With the government model tenancy agreement now amended to prevent blanket bans on lets with pets, letting agents and landlords are warned to be vigilant in identifying property damage caused by animals.
According to No Letting Go, the provider of inventory services, knowing what damage to look for can help property professionals ensure repairs are made before problems escalate while making relevant deductions from tenancy deposits.
The most common types of pet property damage
No Letting Go’s inventory experts point out that alongside the need for additional cleaning and removal of animal odours, there are a range of specific issues agents and landlords should look out for if their tenants have pets.
These include cat flaps being fitted to doors and marks on doors that may be caused when dogs are excited to go out. Also, cats could be responsible for torn and frayed carpets at the bottom of staircases.
Landlords and agents should look out for pet urine on the carpet, which can seep through and damage the underlay if not dealt with properly.
Pet hairs are also commonly found on the back of curtains and blinds by inventory clerks carrying out property visits, No Letting Go reveals.
Nick Lyons, Founder and CEO of No Letting Go, comments: “As the demand for pet tenancies rises and the government aims to make it easier for renters to keep animals, agents and landlords need to have the measures in place to deal with the increased risk of property damage.
“If managed effectively, allowing tenants to keep pets can encourage longer tenancies, increase demand for available properties and pave the way for higher average rents.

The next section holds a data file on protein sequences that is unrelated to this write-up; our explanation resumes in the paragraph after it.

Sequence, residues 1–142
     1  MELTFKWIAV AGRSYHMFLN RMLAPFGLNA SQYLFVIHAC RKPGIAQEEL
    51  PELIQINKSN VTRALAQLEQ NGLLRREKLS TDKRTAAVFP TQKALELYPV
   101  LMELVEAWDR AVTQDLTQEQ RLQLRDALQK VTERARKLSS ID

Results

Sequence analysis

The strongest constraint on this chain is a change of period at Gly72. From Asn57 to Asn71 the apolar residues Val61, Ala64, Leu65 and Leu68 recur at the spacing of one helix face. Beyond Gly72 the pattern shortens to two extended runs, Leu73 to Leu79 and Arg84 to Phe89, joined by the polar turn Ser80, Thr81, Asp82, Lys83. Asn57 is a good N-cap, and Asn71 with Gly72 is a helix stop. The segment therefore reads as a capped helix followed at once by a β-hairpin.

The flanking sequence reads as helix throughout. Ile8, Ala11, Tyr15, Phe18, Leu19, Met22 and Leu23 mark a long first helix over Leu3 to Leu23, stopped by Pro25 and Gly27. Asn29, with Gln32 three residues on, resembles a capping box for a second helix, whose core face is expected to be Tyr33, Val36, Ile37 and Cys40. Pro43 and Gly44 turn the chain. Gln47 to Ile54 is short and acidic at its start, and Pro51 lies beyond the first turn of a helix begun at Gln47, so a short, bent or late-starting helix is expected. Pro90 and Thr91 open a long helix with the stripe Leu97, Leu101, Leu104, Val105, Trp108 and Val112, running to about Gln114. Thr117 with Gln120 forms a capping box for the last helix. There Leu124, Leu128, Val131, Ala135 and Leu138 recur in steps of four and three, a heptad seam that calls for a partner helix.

“However, if pet tenancies are mishandled, landlords may have to foot the bill for thousands of pounds of repairs, while agents’ chances of retaining management of a property could be jeopardised.”
Government plans to allow pets in rental properties
No Letting Go says that over recent months, the Government has made it clear it wants to make it easier for tenants to keep pets in rental properties.
The Dogs and Domestic Animals Accommodation Protection Bill, which proposes to make it a right for tenants to have domestic animals in rental properties, is currently awaiting its second reading as it moves through Parliament.
Meanwhile, in January 2021, the Government announced that it had rewritten its model standard tenancy agreement to include more ‘pet-friendly’ elements, making it easier for tenants to be able to keep ‘well-behaved’ pets.
Lyons says: “There are currently no rules to stop landlords from banning pets in their properties and they are not required to use the Government’s model tenancy agreement.
“However, it’s clear we are moving towards a scenario where blanket bans on pets are no longer an option as the Government looks to favour tenant-owning pets.
“With this in mind, it’s time for letting agents and landlords to start preparing for a more pet-friendly PRS by making sure they have the right insurance in place, compile a detailed inventory and monitor damage through regular property inspections.
“Having the necessary records and evidence of damage can make it easier for repairs and maintenance costs to be recouped from a tenant’s deposit at the end of a tenancy.
“There is no option to charge higher deposits for tenants with pets due to the Tenant Fees Act, so having a range of additional protective measures and procedures in place is absolutely vital to protect rental properties in the event that a tenant has pets.”